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Environmental Compliance, Corruption and Governance: Theory and Evidence on Forest Stock in Developing Countries

  • Gaoussou Diarra

    (CERDI - Centre d'études et de recherches sur le developpement international - CNRS : UMR6587 - Université d'Auvergne - Clermont-Ferrand I)

  • Sébastien Marchand

    (CERDI - Centre d'études et de recherches sur le developpement international - CNRS : UMR6587 - Université d'Auvergne - Clermont-Ferrand I)

This paper analyses the relationships between environmental compliance, corruption and environmental regulations in the case of forestry. Using a Principal-Agent model, we highlight interrelationships between firm's environmental non-compliance and corruption conditioned to the efficiency of the legal and regulatory framework. Moreover, we show that environmental compliance and judicial efficiency may be complementary or substitutable depending on the level of judicial efficiency to strengthen the forest stock. After having design a new indicator of environmental compliance, we test these predictions using cross section data for 59 developing countries. The empirical results support the predictions of the model. Judicial efficiency reduces corruption and environmental non compliance which are positively correlated and conditioned to judicial efficiency. We also find empirical evidences on the substitutability and complementarity of environmental compliance and judicial efficiency to preserve the forest stock.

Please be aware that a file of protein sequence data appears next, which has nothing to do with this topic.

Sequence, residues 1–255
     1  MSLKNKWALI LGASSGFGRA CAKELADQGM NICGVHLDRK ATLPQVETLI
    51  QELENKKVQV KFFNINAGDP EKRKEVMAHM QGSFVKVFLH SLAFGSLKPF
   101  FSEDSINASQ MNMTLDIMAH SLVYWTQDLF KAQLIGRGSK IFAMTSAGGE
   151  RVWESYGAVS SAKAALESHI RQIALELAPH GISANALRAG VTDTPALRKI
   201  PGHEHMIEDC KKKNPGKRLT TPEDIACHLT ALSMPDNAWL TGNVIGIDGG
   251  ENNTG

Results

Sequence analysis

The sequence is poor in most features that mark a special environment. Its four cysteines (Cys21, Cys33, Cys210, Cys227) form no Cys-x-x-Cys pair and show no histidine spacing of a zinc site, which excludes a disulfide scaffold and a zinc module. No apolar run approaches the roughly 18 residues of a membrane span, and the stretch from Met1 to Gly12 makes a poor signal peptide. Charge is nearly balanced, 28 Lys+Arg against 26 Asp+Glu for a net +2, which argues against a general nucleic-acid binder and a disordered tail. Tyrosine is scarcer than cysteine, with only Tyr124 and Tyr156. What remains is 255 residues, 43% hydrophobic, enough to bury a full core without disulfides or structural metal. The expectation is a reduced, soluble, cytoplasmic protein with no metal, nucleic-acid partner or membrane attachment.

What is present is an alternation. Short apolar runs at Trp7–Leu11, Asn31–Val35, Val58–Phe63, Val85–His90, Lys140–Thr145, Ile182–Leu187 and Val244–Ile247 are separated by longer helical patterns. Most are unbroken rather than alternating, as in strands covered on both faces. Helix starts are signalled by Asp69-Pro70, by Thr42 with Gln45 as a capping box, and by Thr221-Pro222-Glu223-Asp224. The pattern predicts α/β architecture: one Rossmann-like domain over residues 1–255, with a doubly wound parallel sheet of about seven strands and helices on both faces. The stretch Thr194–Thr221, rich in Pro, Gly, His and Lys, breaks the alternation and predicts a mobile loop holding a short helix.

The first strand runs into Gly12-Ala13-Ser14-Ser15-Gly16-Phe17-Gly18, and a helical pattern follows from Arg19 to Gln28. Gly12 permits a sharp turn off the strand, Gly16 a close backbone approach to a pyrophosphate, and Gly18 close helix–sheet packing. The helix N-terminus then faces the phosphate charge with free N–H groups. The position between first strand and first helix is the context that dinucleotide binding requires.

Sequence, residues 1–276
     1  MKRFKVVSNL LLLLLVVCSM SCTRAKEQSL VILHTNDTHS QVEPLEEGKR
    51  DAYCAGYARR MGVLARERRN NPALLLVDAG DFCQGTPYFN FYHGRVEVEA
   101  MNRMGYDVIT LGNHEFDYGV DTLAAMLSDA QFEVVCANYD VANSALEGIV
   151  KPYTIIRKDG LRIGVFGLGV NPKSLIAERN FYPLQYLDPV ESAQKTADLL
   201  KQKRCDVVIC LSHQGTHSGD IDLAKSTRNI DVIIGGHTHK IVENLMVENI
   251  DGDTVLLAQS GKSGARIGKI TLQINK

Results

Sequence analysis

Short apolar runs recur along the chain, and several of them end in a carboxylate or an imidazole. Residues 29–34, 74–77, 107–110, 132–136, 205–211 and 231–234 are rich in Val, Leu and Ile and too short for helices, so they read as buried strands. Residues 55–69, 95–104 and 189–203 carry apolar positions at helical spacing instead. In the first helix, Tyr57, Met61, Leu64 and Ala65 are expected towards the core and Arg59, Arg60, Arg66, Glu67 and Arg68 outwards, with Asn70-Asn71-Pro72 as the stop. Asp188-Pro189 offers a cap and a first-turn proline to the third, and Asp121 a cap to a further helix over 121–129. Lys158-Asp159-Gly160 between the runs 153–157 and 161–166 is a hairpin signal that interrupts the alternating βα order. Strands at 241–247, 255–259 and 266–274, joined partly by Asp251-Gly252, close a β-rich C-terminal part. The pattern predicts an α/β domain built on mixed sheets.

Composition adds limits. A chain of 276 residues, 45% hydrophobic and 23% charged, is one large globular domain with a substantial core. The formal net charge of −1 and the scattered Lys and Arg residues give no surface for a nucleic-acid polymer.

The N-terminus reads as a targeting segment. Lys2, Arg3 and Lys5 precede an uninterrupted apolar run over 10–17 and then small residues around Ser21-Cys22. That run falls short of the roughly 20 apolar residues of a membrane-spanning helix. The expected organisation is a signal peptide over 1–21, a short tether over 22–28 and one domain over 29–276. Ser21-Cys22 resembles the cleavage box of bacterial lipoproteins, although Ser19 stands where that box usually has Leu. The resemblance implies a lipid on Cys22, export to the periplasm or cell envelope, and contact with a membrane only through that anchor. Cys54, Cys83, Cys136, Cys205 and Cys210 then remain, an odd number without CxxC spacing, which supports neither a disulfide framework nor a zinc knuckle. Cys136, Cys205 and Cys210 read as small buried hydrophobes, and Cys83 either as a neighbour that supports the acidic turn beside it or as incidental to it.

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Paper provided by HAL in its series Working Papers with number halshs-00557677.

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Date of creation: 19 Jan 2011
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Handle: RePEc:hal:wpaper:halshs-00557677
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  1. Rafael La Porta & Florencio Lopez-de-Silanes & Cristian Pop-Eleches & Andrei Shleifer, 2004. "Judicial Checks and Balances," Journal of Political Economy, University of Chicago Press, vol. 112(2), pages 445-470, April.
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